Originally published: Oct 2nd/2018; Updated: June 4th/2019
Food Before One is Just for Fun?
Have you heard the old saying “food before one is just for fun?” And have you wondered if it’s true? Well it’s not exactly true. Of course, eating should always be fun and pleasant.
But saying that food before one is JUST for fun is not exactly accurate…
Before one, baby is learning to eat: it should be fun… but it’s more than just for fun!
Why do we progress from milk to solid foods?
Why does the whole “food before one is just for fun” misconception exist? One reason is that, milk provides most of baby’s calories and nutrients during the first year. This includes breastmilk and/or formula.
The notion that food before one is just for fun, is not only dated… it’s wrong.
At around 6 months of age when baby is ready, it’s important to introduce solid food. Eating solid food helps meet your baby’s nutritional needs even if milk is a major component.
The nutrients from food and the act of eating itself help baby’s physical and mental development. Not to mention the social and psychological aspects of eating with the family. The introduction of solids helps establish family dynamics including the household food environment.
Transitioning to solid foods
A few quick and easy signs that your baby is ready:
- Able to hold his/her head,
- Sits upright with minimal help
- Can turn their head side to side?
When your baby is ready, choose the feeding method that works for your family.
There’s traditional feeding, baby-led weaning, or an hybrid of both. Enjoy the milestone as you embark on the solid food adventure!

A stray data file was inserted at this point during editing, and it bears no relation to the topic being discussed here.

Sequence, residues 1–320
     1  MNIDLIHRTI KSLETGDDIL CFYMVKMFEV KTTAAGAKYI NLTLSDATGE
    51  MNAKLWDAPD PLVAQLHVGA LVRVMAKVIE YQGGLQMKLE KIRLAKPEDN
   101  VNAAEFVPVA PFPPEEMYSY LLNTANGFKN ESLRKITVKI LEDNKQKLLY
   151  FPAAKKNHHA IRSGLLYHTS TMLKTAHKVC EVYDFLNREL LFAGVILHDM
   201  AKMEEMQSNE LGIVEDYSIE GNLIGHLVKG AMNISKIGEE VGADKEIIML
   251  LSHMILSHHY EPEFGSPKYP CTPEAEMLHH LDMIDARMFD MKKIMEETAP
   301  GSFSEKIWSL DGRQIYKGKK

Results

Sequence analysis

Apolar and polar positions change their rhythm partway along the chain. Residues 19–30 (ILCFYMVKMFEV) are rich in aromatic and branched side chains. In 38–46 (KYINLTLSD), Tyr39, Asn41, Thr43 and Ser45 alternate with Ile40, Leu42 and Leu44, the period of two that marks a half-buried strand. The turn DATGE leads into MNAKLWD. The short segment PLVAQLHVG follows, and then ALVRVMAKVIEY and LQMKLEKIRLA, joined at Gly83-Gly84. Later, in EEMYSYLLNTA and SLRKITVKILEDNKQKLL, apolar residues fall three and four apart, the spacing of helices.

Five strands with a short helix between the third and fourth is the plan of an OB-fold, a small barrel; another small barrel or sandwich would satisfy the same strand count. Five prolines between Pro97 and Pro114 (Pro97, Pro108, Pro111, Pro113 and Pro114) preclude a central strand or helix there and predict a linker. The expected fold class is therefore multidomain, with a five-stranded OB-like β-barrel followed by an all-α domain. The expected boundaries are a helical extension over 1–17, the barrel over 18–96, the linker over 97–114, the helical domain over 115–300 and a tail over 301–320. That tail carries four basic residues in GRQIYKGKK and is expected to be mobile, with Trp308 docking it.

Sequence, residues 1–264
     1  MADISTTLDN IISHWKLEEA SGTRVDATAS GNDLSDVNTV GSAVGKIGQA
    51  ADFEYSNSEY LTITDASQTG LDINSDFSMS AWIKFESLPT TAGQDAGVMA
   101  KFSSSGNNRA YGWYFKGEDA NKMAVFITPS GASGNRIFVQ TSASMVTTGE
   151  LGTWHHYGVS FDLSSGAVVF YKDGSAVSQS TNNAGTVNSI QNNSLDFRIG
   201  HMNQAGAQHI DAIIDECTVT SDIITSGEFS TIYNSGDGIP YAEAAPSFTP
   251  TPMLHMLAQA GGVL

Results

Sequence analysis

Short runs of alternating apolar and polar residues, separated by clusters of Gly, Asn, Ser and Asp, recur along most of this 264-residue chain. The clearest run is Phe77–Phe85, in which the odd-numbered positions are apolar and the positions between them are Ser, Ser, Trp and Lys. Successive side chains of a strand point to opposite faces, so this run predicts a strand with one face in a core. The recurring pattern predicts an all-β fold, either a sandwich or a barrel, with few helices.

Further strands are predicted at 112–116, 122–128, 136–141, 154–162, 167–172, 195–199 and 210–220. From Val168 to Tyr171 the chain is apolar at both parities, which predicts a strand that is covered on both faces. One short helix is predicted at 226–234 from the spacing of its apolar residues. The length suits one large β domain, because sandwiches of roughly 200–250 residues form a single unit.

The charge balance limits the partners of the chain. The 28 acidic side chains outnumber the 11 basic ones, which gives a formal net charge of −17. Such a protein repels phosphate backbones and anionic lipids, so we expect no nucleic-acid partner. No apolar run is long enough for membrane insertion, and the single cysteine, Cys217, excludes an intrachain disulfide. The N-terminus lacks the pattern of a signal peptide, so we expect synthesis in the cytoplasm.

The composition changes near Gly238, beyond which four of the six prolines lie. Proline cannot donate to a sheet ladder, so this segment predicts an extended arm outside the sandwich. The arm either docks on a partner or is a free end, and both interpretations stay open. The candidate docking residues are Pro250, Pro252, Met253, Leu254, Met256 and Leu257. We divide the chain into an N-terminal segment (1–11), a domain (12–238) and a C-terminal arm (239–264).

You don’t HAVE to do baby-led weaning, and you don’t HAVE to go the traditional route.
There are advantages and disadvantages to both methods (more on this here). You may have heard good and bad things from both methods.
What is most important is that the method you choose feels right for you, baby and the whole family. A non-stressed parent is always key in establishing a positive feeding environment. This is more important than the method you choose.
Food before one is not just for fun. Milk will continue to have an important place in your baby’s diet, but solid foods are offering multiple advantages beyond nutrition.
Food before one is just for fun? No, baby needs iron around 6 months of age
When baby is ready to start solid food, offer iron-rich food at least 2 times a day. This is a great example of why we don’t favour the “food before one is just for one” idea.
The iron store that baby built up during pregnancy lasts for about 6 months. On top of that, breast milk and formula milk do not provide enough iron to meet baby’s needs. So, when baby turns 6 months old, offering iron-rich foods is important!
In fact, offering iron-rich foods first is a priority. Why? Well at this age baby has a small stomach, and an appetite that matches.
Otherwise, there is no order to introduce the food. There is also no need to wait 3 days before introducing new food.
The exception, of course, are the major allergens. With food allergen introduction, you want to pinpoint foods causing an allergic reaction. Waiting before introducing each allergen will help you identify the culprits.
Subscribe to get your free list of iron-rich foods, including vegetarian options
Iron rich foods should be the first food introduced to baby around 6 months of age.
Baby needs to practice some key moves
Food is a good “excuse” to get baby to practice some moves! Eating requires many actions and developmental milestones that baby will need to learn. It is not gonna happen overnight, so time to start practicing.
The important eating actions and milestones include:
- Holding utensils,
- Drinking from an open cup,
- Grabbing food items with the appropriate force,
- Bringing food to the mouth,
- Closing the lips and forming a food bolus, etc.